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A Theory of Glacial Cycles: Resolving Pleistocene Puzzles
  • Hsien-Wang Ou
Hsien-Wang Ou
Columbia University

Corresponding Author:[email protected]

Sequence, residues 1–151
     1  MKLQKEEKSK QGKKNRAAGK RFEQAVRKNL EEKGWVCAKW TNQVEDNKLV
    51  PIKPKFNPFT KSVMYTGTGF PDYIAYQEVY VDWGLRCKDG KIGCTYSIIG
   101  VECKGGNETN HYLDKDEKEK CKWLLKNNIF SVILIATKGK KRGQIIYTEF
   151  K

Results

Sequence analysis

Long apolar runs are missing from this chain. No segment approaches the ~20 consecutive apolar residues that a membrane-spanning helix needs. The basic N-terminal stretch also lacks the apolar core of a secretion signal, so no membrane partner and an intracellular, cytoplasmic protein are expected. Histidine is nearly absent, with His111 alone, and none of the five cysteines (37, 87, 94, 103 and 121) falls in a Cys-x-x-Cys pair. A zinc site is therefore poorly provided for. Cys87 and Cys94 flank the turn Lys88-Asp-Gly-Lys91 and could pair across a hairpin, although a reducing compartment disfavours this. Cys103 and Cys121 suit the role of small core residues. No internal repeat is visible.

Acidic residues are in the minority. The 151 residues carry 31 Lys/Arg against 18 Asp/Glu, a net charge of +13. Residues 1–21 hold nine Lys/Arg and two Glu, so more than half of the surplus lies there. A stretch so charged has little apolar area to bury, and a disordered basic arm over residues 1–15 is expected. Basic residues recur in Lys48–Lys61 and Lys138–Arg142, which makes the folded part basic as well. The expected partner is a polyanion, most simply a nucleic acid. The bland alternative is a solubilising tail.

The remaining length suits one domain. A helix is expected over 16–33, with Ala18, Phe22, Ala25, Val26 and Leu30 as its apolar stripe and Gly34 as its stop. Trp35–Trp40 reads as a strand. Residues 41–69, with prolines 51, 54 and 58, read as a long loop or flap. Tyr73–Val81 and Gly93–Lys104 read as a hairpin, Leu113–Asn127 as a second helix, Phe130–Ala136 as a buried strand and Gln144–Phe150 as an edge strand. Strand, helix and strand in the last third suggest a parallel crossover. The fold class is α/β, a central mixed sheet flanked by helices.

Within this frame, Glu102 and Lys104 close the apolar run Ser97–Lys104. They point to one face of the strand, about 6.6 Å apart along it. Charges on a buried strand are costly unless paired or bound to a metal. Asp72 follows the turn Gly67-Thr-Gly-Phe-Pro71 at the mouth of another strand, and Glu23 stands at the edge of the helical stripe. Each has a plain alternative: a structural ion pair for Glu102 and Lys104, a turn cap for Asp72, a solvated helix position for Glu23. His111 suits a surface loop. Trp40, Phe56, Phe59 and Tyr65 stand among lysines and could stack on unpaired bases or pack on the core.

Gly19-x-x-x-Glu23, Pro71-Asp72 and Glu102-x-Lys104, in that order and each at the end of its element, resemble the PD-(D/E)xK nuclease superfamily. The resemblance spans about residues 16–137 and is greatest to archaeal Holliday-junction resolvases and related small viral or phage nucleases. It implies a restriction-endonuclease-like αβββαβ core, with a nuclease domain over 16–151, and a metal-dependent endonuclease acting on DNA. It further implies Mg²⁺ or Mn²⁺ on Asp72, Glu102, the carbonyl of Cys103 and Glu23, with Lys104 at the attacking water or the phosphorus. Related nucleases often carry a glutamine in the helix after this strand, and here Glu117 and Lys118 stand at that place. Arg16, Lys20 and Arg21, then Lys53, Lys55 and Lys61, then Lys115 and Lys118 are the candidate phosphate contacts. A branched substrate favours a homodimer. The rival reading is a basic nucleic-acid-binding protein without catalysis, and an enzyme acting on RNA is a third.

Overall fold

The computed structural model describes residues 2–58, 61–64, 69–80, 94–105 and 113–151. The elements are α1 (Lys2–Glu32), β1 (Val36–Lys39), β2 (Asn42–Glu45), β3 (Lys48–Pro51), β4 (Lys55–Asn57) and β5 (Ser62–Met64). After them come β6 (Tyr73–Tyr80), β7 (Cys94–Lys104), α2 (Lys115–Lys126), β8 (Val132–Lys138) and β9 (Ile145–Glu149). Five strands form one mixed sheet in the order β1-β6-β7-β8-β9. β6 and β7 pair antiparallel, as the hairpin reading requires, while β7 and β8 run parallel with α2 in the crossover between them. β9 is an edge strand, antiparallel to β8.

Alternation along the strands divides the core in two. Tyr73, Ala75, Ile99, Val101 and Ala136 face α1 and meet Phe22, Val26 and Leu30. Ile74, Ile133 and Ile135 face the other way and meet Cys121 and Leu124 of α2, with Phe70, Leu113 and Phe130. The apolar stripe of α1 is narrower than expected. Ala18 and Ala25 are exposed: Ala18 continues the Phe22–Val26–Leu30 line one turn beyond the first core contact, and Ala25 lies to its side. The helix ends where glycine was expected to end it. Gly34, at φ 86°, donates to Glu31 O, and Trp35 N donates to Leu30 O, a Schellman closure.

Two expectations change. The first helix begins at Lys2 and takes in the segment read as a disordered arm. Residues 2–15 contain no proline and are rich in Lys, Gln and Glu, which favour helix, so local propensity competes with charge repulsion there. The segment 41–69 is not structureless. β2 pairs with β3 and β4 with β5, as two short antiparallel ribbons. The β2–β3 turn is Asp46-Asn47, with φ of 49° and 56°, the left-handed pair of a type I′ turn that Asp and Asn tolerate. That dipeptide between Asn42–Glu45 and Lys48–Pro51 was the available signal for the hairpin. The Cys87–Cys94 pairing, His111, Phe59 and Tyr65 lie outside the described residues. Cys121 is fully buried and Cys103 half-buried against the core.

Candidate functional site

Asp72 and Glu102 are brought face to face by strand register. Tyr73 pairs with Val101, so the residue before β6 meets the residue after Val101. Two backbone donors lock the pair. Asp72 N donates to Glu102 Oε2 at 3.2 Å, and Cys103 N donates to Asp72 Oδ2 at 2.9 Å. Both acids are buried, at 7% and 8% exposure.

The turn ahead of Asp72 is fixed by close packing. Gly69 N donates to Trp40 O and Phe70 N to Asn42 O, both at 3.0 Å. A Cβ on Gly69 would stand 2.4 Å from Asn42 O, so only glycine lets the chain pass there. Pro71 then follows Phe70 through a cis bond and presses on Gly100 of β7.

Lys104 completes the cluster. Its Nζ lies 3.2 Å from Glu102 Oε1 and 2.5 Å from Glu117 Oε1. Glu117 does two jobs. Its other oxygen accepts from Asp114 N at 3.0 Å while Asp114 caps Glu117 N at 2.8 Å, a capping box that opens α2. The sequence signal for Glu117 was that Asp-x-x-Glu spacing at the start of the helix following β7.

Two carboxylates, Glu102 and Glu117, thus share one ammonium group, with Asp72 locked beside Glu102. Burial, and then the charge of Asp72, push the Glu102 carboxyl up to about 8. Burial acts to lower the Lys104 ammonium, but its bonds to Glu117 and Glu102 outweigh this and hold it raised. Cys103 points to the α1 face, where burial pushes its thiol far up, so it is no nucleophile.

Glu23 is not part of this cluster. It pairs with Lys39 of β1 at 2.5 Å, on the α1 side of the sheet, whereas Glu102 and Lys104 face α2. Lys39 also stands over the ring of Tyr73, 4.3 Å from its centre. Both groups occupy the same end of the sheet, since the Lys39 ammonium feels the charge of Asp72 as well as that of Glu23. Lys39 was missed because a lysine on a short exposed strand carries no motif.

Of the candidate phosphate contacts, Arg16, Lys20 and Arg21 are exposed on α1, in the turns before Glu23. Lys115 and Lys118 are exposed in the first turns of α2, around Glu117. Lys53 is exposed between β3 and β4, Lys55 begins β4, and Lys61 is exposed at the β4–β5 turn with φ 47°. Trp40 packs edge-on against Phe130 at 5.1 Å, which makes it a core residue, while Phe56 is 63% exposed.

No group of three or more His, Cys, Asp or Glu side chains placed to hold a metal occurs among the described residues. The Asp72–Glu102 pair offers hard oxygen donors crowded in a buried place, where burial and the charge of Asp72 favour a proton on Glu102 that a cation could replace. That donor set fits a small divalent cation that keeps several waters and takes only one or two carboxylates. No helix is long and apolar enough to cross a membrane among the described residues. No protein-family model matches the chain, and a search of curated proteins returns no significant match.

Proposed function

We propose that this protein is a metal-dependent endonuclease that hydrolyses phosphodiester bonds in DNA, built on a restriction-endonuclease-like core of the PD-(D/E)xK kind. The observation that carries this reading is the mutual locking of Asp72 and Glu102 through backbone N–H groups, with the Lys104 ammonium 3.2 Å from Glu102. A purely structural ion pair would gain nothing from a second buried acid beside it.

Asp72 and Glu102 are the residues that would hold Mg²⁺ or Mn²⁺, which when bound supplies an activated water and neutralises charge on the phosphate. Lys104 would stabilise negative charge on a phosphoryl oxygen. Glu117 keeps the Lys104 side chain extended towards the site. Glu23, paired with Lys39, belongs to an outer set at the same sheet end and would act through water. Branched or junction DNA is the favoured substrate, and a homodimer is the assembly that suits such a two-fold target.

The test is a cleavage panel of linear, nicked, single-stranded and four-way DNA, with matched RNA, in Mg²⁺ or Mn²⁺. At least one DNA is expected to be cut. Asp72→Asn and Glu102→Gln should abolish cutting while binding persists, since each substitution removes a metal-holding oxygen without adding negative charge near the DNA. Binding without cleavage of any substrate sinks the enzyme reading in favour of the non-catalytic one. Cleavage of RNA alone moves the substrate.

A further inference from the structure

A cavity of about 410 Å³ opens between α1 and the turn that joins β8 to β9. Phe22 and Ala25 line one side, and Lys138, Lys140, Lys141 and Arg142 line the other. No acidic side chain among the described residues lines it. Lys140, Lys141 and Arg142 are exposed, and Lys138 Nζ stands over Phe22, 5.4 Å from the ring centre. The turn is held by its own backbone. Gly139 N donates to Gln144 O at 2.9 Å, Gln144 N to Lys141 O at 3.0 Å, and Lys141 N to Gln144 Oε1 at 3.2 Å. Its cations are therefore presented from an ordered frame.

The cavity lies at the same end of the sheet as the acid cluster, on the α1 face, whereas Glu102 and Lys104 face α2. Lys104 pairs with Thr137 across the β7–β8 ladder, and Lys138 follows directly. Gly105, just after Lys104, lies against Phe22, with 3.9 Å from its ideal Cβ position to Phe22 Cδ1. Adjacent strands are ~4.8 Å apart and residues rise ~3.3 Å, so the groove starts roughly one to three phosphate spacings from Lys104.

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The summer air temperature that regulates the ice margin covaries with the sea surface temperature but precedes the ice volume during glacial cycles, suggesting that the ocean is the intermediary of the orbital forcing of the ice sheet. We formulate a minimal model to elucidate the ocean role in the genesis of glacial cycles. We show that, because of the atmospheric coupling, an eddying ocean exhibits bistates of maximum entropy production, which would translate to ice bistates of polar ice cap and Laurentide ice sheet, enabling large ice-volume signal when the bistable interval is crossed by the forcing. Since this bistable interval is set by the global convective flux, it is lowered during Pleistocene cooling, whose interplay with the ice-albedo feedback may account for the mid-Pleistocene transition from 41-ky obliquity cyles to 100-ky ice-age cycles paced by eccentricity. Quantitative tests of the theory and its parsimony in resolving myriad glacial puzzles suggest that the theory has captured the governing physics of the Pleistocene glacial cycles.